Tech trial to bust number plate theft

La Trobe University will trial digital identification technologies and number plate security measures to reduce number plate theft and cloning on behalf of the Victorian Government.

Minister for Roads Jaala Pulford was in Bundoora today to announce the start of new trials that will aim to improve vehicle identification and combat number plate theft and misuse.

One technology being trialled is Radio Frequency Identification (RFID) inside a sticker on a vehicle’s front windscreen which will act as a third number plate.

The sticker self-destructs when removed, enabling police to identify vehicles that are suspected to have a stolen or cloned number plate.

The second technology is Dedicated Short Range Communications (DSRC), a new digital technology that can communicate with road infrastructure and could also be used to identify automated vehicles in the future.

Additional security features for number plates, like holographic patterns on driver’s licences and passports will also be tested.

New digital identification methods would make it harder for an offender to hide a vehicle’s identity as the additional identifiers will not match a stolen or cloned number plate.

La Trobe’s Centre for Technology Infusion will conduct the trial.

“Our Centre has extensive experience in applying next generation digital technologies to solve industrial and socially relevant problems,” CTI Director Professor Aniruddha Desai said.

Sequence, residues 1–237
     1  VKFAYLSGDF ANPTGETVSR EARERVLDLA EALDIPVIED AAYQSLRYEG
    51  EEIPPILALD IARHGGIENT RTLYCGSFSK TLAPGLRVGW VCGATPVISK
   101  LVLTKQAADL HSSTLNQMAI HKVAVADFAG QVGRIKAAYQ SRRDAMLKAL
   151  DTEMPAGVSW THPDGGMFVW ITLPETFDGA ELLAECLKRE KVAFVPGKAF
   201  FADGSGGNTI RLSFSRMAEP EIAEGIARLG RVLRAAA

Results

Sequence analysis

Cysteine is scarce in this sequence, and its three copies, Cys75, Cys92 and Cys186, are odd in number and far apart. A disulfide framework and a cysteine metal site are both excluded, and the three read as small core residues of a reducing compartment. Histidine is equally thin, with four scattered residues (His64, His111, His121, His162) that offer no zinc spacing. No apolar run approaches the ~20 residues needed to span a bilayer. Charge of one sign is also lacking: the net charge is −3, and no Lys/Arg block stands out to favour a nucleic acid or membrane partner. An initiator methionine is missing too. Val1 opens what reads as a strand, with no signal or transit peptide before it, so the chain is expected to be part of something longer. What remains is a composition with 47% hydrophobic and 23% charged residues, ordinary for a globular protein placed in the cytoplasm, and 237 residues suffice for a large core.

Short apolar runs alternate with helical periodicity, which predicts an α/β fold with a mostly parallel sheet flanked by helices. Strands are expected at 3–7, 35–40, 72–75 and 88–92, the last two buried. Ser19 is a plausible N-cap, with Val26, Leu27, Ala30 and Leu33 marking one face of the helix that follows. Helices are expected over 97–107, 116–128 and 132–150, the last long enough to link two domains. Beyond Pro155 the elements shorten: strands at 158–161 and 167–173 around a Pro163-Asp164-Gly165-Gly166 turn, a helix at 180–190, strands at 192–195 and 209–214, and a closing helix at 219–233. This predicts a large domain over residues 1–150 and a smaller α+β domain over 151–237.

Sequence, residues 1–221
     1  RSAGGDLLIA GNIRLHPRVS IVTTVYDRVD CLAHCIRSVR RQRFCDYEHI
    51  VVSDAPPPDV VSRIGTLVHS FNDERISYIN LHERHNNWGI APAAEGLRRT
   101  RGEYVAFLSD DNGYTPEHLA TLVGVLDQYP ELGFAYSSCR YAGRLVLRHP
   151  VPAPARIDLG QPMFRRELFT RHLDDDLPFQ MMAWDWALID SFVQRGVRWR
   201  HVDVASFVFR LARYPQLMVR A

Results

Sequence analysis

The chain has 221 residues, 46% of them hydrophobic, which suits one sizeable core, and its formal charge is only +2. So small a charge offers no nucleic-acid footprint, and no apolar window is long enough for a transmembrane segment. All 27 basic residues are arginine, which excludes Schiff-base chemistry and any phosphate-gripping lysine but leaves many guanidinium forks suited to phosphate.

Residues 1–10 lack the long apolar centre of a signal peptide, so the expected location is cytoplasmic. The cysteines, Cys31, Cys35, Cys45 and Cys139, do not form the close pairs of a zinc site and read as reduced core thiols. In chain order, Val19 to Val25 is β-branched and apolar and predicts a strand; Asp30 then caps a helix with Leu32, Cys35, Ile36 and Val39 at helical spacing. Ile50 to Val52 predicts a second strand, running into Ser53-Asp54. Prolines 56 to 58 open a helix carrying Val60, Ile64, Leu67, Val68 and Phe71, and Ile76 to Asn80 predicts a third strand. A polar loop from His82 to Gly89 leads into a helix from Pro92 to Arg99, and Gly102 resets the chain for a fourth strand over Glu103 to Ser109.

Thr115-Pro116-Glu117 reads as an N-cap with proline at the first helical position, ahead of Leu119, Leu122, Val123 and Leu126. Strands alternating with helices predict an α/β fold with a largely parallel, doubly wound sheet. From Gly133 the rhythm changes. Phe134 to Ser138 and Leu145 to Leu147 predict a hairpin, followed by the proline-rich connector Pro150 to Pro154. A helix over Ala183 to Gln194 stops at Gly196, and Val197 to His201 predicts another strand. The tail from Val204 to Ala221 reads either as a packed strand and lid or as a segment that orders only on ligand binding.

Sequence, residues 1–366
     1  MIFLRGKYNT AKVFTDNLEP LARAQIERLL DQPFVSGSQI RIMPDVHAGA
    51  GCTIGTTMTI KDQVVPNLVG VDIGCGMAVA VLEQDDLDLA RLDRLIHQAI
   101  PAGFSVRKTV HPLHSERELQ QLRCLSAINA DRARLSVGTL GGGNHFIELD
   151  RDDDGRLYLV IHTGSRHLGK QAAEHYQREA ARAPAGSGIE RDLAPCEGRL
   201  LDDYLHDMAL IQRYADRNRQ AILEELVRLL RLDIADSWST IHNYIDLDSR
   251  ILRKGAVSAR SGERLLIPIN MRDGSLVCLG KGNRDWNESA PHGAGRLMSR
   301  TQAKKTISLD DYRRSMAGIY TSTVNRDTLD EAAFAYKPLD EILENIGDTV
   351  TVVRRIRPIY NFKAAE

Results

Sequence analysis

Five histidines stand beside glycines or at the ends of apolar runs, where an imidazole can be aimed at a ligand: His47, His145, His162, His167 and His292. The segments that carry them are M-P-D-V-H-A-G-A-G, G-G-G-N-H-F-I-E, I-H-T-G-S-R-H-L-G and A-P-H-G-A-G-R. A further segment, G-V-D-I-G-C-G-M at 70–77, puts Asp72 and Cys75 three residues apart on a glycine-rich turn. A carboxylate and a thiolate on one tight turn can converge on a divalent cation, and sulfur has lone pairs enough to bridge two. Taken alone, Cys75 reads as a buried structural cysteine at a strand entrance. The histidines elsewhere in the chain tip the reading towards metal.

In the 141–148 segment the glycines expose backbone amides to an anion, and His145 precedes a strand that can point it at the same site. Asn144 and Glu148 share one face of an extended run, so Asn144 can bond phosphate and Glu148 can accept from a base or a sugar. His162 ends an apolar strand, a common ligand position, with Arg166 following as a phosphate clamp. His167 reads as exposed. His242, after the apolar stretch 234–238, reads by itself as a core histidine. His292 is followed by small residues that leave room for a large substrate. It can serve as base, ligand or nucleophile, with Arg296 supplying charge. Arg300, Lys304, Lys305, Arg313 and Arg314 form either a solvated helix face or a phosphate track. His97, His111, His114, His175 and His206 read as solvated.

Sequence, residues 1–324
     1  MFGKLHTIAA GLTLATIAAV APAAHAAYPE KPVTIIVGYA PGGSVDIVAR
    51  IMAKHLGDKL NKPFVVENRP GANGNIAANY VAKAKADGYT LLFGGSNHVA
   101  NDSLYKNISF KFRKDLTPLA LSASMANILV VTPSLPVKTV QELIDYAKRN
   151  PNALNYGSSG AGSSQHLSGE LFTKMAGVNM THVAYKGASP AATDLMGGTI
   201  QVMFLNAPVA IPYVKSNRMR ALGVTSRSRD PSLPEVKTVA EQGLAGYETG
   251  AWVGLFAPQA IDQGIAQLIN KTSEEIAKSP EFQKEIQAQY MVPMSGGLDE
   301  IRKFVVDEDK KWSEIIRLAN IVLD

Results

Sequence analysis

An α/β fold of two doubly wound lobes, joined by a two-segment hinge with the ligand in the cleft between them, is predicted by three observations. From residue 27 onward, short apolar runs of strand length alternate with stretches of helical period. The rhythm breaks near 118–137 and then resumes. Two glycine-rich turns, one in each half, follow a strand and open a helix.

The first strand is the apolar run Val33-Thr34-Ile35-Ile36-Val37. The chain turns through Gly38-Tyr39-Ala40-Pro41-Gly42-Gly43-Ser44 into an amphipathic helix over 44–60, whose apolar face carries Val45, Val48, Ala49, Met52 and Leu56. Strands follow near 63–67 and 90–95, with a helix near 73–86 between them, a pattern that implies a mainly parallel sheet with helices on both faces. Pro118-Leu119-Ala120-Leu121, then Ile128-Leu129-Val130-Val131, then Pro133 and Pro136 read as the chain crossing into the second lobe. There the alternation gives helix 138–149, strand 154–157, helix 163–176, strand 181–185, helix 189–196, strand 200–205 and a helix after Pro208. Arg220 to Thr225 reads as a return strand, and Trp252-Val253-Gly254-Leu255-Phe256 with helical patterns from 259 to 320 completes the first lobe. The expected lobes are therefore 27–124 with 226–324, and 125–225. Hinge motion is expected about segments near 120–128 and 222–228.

Following a global technology search, our Centre will evaluate how selected technologies perform in live deployment and how reliably they can provide tamper-proof digital vehicle identification information in a cost effective and efficient manner.”

The trials will determine how the technologies operate in practice and how they will integrate with existing systems including Automatic Number Plate Recognition currently used by police.

In the 12-months to September 2018, Victoria Police recorded more than 19,000 incidents of number plate theft.

Stolen and cloned number plates are often used to hide a vehicle’s identity when committing other crimes such as ram raids, petrol drive-offs and toll evasion.

Helen Lindner, VicRoads Director Registration and Licensing Practice, Standards and Solutions said Victoria was leading the way.

“We are proud to lead this Australia-first research and technology trial with government and industry, and know it will go a long way to help reduce number plate theft and cloning.”

The trials are a partnership between VicRoads, Department of Justice and Community Safety, Victoria Police and La Trobe University.

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